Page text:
How Will Medicaid Know if I Sell My House?

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If you’re on Medicaid and you’ve decided you need to sell your home, you’re likely facing two big questions. Will I lose Medicaid if I sell my house? How will Medicaid know if I sell my house?

This guide breaks down how selling your home could affect your Medicaid eligibility and offers strategies for making plans and maintaining benefits.

How Much Is Your Home Worth Now?

Home values have rapidly increased in recent years. How much is your current home worth now? Get a ballpark estimate from HomeLight’s free Home Value Estimator.

Disclaimer: This post is meant for educational purposes, not financial advice. If you need assistance navigating Medicaid eligibility, HomeLight always encourages you to reach out to your own advisor.

Will I lose Medicaid if I sell my house?

The short blended answer is: not necessarily, but yes, it is possible. Medicaid evaluates your eligibility based on income and assets, and selling a home could indeed affect these figures. However, if the proceeds from the sale are used in a manner that Medicaid exempts, such as buying another primary residence, you may not lose your coverage.

The key is understanding how the sale affects your financial situation relative to Medicaid’s eligibility thresholds. The qualifying financial factors are means-tested through income and/or asset limits. The asset threshold is $2,000 in most states, which means selling your home will likely bring you well over Medicaid’s limit.

The most common exception that allows you to retain Medicaid eligibility after a home sale is to use the proceeds to purchase your new primary home. Generally speaking, a Medicaid recipient’s principal residence is a non-countable (exempt) asset. (More on this below.)

You can check your state eligibility requirements through Medicaid’s interactive map.

How will Medicaid know if I sell my house?

When you applied for Medicaid, you were required to disclose all assets, including real estate. Medicaid has systems in place to monitor any changes in your assets. This includes coordinating with other federal and state agencies to track asset changes in order to approve your Medicaid redetermination or renewal.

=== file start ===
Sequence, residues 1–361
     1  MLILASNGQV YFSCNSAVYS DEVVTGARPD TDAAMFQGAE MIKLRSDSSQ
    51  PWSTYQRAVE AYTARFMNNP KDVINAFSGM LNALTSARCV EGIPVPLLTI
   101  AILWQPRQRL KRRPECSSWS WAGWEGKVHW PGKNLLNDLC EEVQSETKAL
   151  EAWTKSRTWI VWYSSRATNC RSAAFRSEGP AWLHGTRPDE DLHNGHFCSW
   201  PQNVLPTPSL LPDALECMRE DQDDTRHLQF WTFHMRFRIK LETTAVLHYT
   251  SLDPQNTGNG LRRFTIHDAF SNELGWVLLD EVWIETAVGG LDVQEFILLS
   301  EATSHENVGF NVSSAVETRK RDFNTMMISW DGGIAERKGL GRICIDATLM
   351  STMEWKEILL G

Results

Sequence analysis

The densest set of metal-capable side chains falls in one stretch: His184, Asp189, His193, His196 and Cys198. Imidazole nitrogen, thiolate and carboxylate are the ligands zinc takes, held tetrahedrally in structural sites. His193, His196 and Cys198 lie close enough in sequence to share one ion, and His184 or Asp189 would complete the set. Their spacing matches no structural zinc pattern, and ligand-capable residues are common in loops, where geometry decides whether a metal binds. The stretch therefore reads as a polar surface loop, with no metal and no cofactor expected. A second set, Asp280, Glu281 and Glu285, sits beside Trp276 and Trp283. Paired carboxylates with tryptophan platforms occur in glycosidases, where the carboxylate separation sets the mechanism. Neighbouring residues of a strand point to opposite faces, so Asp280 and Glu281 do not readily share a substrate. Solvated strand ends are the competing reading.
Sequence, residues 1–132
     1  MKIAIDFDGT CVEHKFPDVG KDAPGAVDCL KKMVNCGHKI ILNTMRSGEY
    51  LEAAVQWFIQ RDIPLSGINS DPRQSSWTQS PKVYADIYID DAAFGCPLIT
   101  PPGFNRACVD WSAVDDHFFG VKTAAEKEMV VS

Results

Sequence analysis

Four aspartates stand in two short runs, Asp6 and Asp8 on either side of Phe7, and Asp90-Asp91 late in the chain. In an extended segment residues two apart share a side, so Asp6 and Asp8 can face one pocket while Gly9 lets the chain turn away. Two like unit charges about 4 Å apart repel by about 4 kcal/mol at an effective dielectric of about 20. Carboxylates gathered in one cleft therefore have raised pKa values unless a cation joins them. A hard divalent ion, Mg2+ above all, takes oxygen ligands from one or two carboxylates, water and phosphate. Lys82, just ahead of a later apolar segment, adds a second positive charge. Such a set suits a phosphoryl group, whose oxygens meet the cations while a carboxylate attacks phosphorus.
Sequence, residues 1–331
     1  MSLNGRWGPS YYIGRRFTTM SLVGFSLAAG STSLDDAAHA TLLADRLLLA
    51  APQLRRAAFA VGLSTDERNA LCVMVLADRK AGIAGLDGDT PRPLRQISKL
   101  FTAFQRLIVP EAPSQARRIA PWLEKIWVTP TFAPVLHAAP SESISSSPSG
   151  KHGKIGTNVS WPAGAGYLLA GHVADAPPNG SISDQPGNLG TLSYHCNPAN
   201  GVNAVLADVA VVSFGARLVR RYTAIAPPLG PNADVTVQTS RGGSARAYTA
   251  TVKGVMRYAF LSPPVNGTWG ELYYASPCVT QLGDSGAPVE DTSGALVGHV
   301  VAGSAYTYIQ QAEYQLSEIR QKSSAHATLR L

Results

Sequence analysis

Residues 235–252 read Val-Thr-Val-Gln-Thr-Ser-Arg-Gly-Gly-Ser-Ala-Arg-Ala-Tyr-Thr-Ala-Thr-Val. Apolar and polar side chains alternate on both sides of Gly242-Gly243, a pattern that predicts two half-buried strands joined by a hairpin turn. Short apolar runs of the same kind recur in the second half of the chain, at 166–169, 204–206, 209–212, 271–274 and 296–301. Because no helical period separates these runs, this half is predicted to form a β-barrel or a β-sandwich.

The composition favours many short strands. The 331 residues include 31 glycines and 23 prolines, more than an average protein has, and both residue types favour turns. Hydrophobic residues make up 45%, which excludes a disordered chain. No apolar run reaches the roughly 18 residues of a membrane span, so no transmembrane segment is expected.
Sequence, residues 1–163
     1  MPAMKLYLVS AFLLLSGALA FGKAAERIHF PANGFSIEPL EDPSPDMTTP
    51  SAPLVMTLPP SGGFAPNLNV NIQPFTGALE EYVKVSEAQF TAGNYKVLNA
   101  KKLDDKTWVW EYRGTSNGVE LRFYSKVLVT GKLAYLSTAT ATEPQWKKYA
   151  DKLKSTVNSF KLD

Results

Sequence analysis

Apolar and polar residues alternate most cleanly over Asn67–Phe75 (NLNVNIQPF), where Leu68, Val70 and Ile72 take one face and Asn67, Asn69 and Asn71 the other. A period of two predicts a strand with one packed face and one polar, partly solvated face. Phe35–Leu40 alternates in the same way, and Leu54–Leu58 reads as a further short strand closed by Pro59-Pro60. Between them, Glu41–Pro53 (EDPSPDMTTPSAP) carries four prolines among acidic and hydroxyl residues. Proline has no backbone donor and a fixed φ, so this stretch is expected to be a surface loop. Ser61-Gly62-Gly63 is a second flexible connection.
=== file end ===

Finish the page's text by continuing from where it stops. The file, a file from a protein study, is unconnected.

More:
Here’s how they’ll find out:

  • Public records: Property sales are a matter of public record, which Medicaid can access to verify changes in your assets.
  • Financial disclosures: When you renew your Medicaid coverage (generally every 12 months), you’re required to disclose your financial situation, including any real estate transactions.
  • Coordination with other agencies: Medicaid works in conjunction with other state and federal agencies that can notify them of significant asset changes.

As you make plans to sell or transfer ownership of your home, keep in mind that Medicaid’s objective is to assist those with a genuine need. Honesty and transparency are the best policies to maintain your eligibility. Yes, Medicaid will know if you sell your house, but it’s also your responsibility to report your home sale to Medicaid.

Understanding these mechanisms can help you plan your property sale while considering Medicaid’s guidelines, even if it means losing benefits for a short time until you are able to requalify. Enrollment is open year-round, so you can reapply if your circumstances temporarily change. Let’s look at some of your options.

How can I sell my house and keep Medicaid?

While your primary home is generally exempt from Medicaid’s asset limit, the capital gains or proceeds from the sale, in most cases, will not be exempt. This money can count toward Medicaid’s asset limit and disqualify you from coverage.

However, there are some options to sell your house and keep Medicaid. These require careful planning to ensure you remain eligible for benefits. Here are strategies to consider:

1. Buy another primary home